MTM Contrast Club Collar Shirt


[Photos by Sebastian P.]

Part of my admiration for clothing is the nostalgia and functionality that comes with it.  Outside of craftsmanship and attention to detail, the purpose of dress has always been fascinating.  Before “trends” were the anchor of design, everything had a purpose.  Not to say that trends weren’t relevant decades ago, but in today’s world, functionality seems to be lost upon us at times.  I could talk about functionality for pages and pages, but that is a topic for another day (and it will be!). The focus of this post, as well as the product highlighted, is that of nostalgia.

A particular style and dress can take you back into time in an instant.  It’s an exceptional thing.  You see this so prevalent in movies and on tv – the clothing is essential to taking you back into time and getting lost in an era of the past (see, trends are not always a negative).  I find “vintage” items or pieces inspired from a previous time to be one of the most exciting attributes to incorporate in a look.  I look at it as an ode to a time that is full of inspiration – a time I continue to look back to for inspiration whether it be the 20’s, the 50’s, or wherever.  I used this inspiration in my latest MTM shirt commission from Hockerty – a white contrast rounded collar shirt.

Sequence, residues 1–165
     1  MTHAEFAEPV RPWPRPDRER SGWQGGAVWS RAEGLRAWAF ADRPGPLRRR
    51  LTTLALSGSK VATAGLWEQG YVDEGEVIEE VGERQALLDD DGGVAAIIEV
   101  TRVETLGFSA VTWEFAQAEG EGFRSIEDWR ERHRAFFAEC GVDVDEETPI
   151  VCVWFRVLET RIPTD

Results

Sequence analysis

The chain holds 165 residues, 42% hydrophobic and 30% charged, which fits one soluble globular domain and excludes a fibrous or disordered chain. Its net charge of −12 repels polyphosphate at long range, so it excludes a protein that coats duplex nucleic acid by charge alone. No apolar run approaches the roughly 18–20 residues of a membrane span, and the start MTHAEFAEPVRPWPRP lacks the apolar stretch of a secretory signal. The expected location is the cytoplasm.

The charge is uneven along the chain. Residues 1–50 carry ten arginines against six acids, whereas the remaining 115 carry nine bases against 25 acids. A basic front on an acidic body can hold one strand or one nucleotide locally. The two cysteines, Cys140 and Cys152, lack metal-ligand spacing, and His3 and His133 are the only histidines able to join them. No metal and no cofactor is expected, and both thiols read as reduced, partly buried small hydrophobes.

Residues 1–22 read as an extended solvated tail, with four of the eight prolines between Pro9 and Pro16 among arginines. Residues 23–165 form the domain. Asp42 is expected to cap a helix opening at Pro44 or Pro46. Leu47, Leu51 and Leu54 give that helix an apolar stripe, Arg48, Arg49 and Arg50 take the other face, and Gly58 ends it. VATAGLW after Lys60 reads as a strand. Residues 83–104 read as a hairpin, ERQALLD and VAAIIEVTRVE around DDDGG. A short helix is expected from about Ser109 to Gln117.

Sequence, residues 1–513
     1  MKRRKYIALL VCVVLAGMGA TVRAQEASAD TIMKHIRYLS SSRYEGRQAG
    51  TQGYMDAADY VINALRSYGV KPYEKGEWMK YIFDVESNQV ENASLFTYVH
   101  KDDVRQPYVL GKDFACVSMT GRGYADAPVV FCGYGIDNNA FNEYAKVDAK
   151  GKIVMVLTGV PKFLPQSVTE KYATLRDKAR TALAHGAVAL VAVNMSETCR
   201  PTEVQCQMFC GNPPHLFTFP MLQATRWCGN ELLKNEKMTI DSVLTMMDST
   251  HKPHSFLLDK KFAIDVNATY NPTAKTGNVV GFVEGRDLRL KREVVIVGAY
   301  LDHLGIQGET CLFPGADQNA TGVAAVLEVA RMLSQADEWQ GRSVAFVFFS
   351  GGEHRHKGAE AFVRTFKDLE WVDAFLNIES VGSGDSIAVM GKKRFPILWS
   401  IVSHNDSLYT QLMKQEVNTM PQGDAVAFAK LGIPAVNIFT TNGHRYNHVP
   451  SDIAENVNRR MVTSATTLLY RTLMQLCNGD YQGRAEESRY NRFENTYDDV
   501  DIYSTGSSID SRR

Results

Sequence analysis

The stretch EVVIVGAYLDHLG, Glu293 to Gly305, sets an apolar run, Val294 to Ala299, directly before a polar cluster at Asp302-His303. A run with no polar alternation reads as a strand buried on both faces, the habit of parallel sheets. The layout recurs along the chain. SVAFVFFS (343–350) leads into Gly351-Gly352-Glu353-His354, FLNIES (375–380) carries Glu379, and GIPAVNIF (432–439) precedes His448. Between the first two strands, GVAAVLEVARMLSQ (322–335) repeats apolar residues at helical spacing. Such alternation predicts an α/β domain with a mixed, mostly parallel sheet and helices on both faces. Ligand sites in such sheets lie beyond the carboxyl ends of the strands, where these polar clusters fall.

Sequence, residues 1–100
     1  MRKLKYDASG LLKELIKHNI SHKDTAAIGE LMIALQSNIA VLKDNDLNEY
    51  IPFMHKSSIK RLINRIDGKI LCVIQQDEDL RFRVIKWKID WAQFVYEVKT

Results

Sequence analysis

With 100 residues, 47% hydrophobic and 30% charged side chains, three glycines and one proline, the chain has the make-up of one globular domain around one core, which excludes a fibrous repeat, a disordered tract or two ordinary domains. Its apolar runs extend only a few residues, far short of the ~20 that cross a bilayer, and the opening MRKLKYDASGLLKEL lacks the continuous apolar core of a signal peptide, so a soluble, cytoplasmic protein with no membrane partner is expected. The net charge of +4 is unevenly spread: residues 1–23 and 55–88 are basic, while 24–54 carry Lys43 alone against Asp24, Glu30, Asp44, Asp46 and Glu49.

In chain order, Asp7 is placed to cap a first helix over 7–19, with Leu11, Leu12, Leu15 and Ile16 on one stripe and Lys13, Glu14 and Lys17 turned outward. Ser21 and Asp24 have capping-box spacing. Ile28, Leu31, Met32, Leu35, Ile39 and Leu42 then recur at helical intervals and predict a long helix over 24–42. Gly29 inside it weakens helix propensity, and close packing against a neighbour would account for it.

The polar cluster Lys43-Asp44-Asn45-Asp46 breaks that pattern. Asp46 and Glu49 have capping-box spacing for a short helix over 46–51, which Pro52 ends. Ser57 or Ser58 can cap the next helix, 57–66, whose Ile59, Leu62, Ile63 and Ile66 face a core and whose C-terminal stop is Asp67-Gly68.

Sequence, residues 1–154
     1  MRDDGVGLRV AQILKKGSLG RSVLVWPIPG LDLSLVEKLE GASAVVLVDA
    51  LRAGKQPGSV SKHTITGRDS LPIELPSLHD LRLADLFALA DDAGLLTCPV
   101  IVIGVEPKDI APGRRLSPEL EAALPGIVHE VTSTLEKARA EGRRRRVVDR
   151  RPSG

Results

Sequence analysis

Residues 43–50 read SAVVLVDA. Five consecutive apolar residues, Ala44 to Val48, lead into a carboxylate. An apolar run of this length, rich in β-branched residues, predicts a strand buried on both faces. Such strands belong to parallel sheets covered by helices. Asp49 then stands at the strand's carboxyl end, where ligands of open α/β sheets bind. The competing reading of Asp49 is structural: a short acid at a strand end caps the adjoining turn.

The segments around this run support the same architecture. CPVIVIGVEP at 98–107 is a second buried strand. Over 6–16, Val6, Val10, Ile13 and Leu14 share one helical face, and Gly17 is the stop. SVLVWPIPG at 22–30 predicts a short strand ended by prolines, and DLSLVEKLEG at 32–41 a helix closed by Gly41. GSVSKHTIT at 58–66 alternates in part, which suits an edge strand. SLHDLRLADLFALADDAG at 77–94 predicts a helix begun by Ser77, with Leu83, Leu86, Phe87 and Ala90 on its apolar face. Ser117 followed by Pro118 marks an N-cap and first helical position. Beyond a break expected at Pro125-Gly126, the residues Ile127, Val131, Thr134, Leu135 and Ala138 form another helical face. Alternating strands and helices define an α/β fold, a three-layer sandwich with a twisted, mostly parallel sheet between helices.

The contrast collar shirt has been associated with the Gordon Gekkos of the world.  The business elite.  A status symbol of the rich, or perceived to be rich.  Me, I don’t see it that way.  The contrast collar is likely to be a result of the detachable collars that were standard on shirts after its debatable inception in the early 1820s.  There is much history and reason for the detachable collar, but I enjoy the tidbit that collars were switched out more frequently than the full shirt because it soiled quicker, as most men are aware of.  There you go – a nice bit of nostalgia and function that has inspired a modern day design.

This specific shirt is from Hockerty and features an oxford cloth with a blue stripe, while the collar is an oxford of a different texture.  Hockerty nailed the fit on this one, and I’m hoping to give their tailoring a shot at some point.  To pair with this beautiful shirt, my go-to navy number from PointClickTailor, Proper Cloth knit tie, Allen Edmonds kicks, and you’ll notice the ring and lapel pin from L’Arte Nascosta which will be discussed in length at another time.


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